Congratulations fellow millennials, we're old now! Unfortunately that also means we now need to host extended family dinners in our tiny, tiny kitchens. But never fear, the wonders of modern technology mean we don't need as many appliances to get the same result as our parents did, and we can probably do it faster and more efficiently. Here are four kitchen gadgets that will help make things run smoothly.
Breville Smart Oven Air Fryer:
If you live somewhere without an oven that's in good working order, and can't or don't want to pay to replace it, this is such a great option. Especially if you don't normally need to cook for a lot of people at once and might need to move it to your next rental.
This gadget, which is just a bit bigger than a large microwave, bakes, grills, roasts, slow cooks, reheats, toasts and air frys. It even has a special mode for crumpets. It can fit enough food for six people, and unlike most air fryers it can actually turn a potato into chips you want to eat, in just 19 minutes.
It can perfectly roast a chicken, and cook a 33cm pizza. Not ideal if you have to feed more than six people, but if you want a multitasking wizard you can take with you, this is the oven you need.
Kenwood Triblade SystemPro Hand Blender:
Chances are you don't actually need a whole, standalone blender or food processor. They're expensive, take up a stupid amount of bench space, and you're not actually going to make smoothies every day no matter what you said after watching that doco.
This handy hand blender whisks, blends, chops, mashes and souperises, before being taken apart and easily fitting in a drawer. It's great for making baby food or lazily chopping vegetables when you have a million other things to do, mashes a lot of potatoes without tiring you out, whisks the ideal meringue and makes perfect, smooth soups.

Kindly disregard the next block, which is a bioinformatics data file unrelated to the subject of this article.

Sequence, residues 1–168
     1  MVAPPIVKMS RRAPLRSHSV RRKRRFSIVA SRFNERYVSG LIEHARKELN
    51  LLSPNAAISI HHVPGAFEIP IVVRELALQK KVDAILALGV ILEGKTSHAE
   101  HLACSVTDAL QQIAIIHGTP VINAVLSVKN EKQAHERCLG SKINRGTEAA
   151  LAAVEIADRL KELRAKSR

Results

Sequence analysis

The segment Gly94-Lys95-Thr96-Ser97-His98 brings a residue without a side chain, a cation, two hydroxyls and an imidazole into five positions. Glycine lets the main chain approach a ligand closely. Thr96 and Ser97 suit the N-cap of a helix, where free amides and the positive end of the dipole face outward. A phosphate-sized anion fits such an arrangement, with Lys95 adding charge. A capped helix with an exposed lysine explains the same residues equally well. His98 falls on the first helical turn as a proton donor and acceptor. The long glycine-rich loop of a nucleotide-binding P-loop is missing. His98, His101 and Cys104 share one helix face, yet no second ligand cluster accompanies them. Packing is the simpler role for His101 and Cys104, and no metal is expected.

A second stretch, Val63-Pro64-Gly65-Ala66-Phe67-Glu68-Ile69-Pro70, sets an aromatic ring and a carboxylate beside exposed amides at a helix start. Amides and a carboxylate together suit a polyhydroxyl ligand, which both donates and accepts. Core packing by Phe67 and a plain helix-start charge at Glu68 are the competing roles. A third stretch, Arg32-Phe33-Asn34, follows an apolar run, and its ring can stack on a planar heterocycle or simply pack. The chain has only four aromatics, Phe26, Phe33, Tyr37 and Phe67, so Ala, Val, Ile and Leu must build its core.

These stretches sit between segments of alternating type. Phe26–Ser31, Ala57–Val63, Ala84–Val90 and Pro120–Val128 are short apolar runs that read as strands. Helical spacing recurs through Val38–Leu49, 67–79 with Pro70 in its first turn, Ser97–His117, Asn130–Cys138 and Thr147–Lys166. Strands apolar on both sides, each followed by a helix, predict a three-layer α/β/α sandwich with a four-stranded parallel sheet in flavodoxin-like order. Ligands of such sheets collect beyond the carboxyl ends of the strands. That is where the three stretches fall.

Tefal Cook4Me+: $299
Your mum/aunt's pressure cookers can be terrifying. They're probably those old-style ones that you see on the news being used as part of a bomb. The Cook4Me+ is different, because it automatically releases its own pressure at the end of the cooking cycle, thus reducing your chances of screwing it up. It also has 150 recipes built in and connects to an app, so you can tell it what ingredients you have, and it might suggest what you can cook, then it tells you step by step how to make it on the Cook4Me+'s screen.
People love pressure cookers because they make food faster; like a brisket in one hour instead of six, or a whole risotto in six minutes with no stirring. Great for a last-minute dish, or for when you have to make lots of different dishes with limited time and space. Plus, it's actually a multicooker. So while pressure is the star of the show, it can also steam, simmer, brown, reheat and keep warm, and the steamer basket and pot are both dishwasher safe, making it a versatile appliance to have in the cupboard.
Breville Smoking Gun: $179
Admittedly this gadget is nowhere near as useful as the others on the list. But one of the things about growing up at a time of unaffordable housing, in a generation that is less likely to own their homes than their parents, is that most of us don't have anywhere to put a barbeque. Like, sure I could put one in my tiny apartment, but then we'd all die of carbon monoxide poisoning. (Then again, that might still be less awkward than having the whole family converse around the table).
Anyway, if you want that smokey barbeque flavour without the massive barbeque, this is the thing you need. Just shove some nice woodchips in it, light them on fire, put the hose near the food under some kind of airtight covering (make sure it's far away from the smoke alarm) and boom! Delicious smokey food from a device that fits in a drawer. It's also a great way to make cheap fish, meat, salt and cheese from the supermarket taste five times fancier.
This article originally appeared in Digital Life, The Sydney Morning Herald's home for everything technology. Follow Digital Life on Facebook and Twitter.
As Lifehacker editors we write about stuff we like and think you'll like too. Lifehacker often has affiliate partnerships, so we may get a share of the revenue from your purchase.